The film provoked a surge of interest in exorcisms – one Catholic church in Washington received 40 requests for exorcisms after it was released. In 1999 the Vatican updated the Rituale Romanum. It now carries a warning: priests must be sure that they are not dealing with physical or mental illness when embarking on exorcisms.

As an adult, Richard became a scientist and converted to Catholicism. He claims to have no recollection of the events of 1949.

Christianity and exorcism The idea that people can be possessed by spirits originated long before Christianity and continues to exist in many cultures and religions across the world. The Christian tradition came from Babylon, modern day Iraq, where the Jews were exiled in Biblical times. Jesus, like other Jews of his time, used exorcism to cure sickness. The Gospels of Matthew, Mark and Luke describe Christ struggling with and overcoming the Devil, and Mark describes how Jesus’s fame spread as the result of his ability to exorcise evil spirits.

Over the next few centuries, as Christianity spread beyond Palestine, so did the practice of exorcism. Pope Cornelius (251-253) claimed to have 52 exorcists under his command. Monks were also regarded as miracle workers and were asked to lay hands on people thought to be afflicted with evil spirits.

The sin within By the early Middle Ages in Europe, blessings were used to protect crops, houses and possessions, while exorcism was seen as a kind of ritual purification. Large crowds would go to watch public exorcisms, which often employed torture to ‘drive out the devils’ of the victims. The subjects of this terrible treatment were branded as witches. In reality, some were mentally ill, some did not conform to the norms of their society, while others were simply not Christians – the Inquisition, for example, tortured, murdered and finally expelled all the Jews of Spain and Portugal.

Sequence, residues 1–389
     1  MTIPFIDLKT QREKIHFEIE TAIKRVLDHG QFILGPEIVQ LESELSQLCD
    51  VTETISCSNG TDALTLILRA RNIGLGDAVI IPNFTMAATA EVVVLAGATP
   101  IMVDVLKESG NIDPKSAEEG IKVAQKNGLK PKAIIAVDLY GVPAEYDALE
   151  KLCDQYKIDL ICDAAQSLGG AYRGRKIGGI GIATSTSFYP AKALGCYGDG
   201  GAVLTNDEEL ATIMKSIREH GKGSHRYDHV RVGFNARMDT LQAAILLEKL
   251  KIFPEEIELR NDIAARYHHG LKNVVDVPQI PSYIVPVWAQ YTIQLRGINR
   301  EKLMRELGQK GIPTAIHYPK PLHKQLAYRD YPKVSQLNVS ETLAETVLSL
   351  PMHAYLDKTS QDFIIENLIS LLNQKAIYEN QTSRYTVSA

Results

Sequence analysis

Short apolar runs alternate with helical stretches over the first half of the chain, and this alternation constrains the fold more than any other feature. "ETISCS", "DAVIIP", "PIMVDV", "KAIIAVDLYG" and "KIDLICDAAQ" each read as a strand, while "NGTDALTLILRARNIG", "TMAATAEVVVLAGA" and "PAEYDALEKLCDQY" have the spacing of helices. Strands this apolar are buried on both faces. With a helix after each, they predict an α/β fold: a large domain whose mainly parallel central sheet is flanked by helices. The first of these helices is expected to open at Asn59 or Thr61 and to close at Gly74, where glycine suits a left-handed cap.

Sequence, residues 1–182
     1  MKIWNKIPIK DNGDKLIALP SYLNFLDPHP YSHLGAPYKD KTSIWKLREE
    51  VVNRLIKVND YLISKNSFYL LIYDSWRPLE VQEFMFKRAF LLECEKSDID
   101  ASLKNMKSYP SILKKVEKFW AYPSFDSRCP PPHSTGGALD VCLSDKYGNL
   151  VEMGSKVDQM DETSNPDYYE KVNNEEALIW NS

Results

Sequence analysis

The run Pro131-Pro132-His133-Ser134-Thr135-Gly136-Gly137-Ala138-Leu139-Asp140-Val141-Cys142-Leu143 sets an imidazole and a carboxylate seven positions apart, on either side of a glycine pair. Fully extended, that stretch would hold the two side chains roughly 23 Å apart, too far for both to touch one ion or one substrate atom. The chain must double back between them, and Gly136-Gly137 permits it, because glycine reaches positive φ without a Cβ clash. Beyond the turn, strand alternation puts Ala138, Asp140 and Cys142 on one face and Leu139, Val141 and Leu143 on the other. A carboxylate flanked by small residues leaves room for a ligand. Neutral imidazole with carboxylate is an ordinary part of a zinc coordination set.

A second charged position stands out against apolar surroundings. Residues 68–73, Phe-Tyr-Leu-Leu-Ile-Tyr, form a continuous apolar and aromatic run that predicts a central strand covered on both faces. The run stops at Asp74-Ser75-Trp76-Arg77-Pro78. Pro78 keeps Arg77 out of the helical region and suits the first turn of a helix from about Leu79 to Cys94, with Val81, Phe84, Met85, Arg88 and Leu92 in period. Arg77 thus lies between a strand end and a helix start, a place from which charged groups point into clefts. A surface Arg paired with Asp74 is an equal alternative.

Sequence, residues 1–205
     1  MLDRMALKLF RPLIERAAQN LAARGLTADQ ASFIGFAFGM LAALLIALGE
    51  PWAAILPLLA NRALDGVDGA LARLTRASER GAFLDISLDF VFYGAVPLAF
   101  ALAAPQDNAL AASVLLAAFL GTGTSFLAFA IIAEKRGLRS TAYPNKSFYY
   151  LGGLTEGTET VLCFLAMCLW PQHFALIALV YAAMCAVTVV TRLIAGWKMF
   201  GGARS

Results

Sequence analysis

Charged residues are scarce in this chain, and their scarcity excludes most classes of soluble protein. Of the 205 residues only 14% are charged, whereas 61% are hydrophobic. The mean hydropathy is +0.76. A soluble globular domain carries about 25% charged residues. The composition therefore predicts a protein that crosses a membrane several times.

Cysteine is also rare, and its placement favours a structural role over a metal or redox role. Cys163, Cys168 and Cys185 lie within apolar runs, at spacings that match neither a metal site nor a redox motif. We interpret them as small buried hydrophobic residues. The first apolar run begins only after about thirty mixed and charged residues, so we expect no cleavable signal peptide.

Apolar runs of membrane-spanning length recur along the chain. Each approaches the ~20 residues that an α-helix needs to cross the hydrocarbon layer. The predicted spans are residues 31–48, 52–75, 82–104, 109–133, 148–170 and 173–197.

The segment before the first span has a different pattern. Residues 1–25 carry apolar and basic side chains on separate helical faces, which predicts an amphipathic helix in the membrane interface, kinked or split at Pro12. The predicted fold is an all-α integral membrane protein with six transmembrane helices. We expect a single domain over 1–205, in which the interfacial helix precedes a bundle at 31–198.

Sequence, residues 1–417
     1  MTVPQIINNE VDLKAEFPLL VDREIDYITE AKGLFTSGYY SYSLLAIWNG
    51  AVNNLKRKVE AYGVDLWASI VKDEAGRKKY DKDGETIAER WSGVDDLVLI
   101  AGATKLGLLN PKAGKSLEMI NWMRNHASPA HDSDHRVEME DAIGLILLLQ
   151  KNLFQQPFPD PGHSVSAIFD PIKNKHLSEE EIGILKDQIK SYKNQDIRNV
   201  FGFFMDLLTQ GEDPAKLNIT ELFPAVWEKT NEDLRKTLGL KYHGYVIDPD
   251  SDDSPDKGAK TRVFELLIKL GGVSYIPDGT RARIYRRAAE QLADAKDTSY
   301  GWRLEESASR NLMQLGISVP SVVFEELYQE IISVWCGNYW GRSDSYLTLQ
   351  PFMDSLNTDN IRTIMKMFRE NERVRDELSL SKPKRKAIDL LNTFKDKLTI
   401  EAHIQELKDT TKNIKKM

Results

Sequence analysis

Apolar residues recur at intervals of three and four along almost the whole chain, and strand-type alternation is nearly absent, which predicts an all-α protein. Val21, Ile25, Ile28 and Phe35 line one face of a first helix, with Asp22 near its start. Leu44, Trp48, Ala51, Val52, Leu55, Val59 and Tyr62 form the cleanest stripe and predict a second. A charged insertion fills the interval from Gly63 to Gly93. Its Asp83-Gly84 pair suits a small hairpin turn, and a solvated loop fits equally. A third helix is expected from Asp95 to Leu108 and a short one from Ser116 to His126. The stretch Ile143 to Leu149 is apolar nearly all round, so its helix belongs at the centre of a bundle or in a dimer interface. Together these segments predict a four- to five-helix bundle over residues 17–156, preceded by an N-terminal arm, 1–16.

Baptism itself is performed to drive out original sin which, according to the Catholic church, all human beings are born with. Immersion in water during baptism symbolises descent into the Devil’s domain and re-emergence into the light of Christ’s presence. It was only much later, after the Reformation, that baptism came to signify celebration of a new person joining the family of Christ.

The Catholic church, meanwhile, was developing the Rituale Romanum, which was first written in 1614 under Pope Paul V. This is a priest’s service manual containing the only formal exorcism rite sanctioned by the Catholic church. It laid down strict guidelines about when exorcism could be performed and on whom. The Rituale Romanum remained almost unchanged until January 1999, when Cardinal Jorge Artura Medina introduced an updated exorcism ritual for the church.

Margaret Lally

My brother’s keeper Not as common as it used to be, you still hear people occasionally ask, “Am I my brother’s keeper?” when they are asked the whereabouts of someone else. This is a reference to Gen 4:9. Cain, who had murdered his brother Abel, was asked by God where Abel was. Cain, rather than confessing, tried to cover up his sin by answering in the form of the question–“Am I my brother’s keeper?”.